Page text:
Not quite the game I hoped for

Playing the GamePlaying the Game by Alan Lelchuk
My rating: 2 of 5 stars

I was lent this by my daughter’s very capable history teacher on the assumption that, since I am interested in both basketball and history, this would be interesting. I love the premise – an obscure history professor and assistant basketball coach at an Ivy League college gets appointed as head coach, with nobody expecting much. By recruiting disadvantaged youth and reading passages of American history to them, he brings the team to the NCAA finals.

It should work, but it doesn’t. The main character is not believable, the history excerpts are too long-winded, and the adversities encountered (racist faculty, an NCAA looking askance at the newcomers and plotting against them, etc.) seem rather contrived. In the end, you start wondering whether the whole story is a figment of the main character’s imagination – not just the author’s.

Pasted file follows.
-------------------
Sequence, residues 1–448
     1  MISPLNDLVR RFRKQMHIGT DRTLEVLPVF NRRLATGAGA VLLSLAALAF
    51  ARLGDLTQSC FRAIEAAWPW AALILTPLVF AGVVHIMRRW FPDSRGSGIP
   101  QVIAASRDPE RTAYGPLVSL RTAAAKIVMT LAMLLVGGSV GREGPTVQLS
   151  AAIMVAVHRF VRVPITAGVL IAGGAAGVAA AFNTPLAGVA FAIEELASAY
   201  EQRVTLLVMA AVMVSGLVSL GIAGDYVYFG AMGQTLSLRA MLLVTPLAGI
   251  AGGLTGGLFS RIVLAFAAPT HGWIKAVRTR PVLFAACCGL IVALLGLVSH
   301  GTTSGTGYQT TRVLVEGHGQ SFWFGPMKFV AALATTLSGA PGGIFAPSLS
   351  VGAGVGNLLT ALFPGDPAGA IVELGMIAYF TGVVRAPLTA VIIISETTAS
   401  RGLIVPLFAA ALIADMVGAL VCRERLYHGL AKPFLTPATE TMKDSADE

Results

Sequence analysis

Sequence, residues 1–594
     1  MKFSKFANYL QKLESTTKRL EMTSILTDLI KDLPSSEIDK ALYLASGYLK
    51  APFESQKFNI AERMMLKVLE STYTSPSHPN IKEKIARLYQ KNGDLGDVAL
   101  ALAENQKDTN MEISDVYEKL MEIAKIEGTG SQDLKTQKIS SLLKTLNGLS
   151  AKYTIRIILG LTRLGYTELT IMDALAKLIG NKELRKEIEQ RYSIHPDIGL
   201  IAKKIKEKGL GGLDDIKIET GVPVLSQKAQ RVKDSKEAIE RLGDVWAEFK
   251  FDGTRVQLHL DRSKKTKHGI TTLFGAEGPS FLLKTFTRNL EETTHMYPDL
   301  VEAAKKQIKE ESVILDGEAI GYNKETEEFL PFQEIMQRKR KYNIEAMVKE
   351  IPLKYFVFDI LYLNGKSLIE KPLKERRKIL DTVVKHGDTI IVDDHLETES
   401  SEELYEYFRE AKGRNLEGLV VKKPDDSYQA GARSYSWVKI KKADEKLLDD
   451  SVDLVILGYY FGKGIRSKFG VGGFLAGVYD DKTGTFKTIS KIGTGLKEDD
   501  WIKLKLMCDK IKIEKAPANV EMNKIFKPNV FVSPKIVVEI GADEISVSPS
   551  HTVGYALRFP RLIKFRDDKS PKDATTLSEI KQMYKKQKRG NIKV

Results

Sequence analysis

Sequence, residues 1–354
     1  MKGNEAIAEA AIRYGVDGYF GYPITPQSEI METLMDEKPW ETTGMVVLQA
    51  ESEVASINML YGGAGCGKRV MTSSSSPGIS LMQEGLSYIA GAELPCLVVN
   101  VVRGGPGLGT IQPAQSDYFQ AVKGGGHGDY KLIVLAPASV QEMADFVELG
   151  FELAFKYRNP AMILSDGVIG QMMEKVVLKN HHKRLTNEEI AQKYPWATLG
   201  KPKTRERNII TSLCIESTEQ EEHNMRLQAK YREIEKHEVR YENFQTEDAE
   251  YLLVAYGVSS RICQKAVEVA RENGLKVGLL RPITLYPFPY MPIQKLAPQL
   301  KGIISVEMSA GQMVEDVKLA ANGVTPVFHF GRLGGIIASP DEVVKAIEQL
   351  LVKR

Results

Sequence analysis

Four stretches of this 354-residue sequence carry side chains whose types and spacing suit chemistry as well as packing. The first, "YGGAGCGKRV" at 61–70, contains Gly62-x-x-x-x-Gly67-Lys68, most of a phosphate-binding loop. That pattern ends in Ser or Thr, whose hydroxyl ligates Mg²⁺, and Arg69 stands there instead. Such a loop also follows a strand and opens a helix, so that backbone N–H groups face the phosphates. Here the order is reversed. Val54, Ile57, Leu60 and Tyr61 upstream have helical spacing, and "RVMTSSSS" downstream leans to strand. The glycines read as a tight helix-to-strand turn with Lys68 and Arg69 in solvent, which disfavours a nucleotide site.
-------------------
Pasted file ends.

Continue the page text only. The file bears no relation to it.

Pity, it had so much going for it…watch Danny DeVito in Renaissance Man instead – it has humor and compassion, and a slightly similar subject. And the academic comes out on top.

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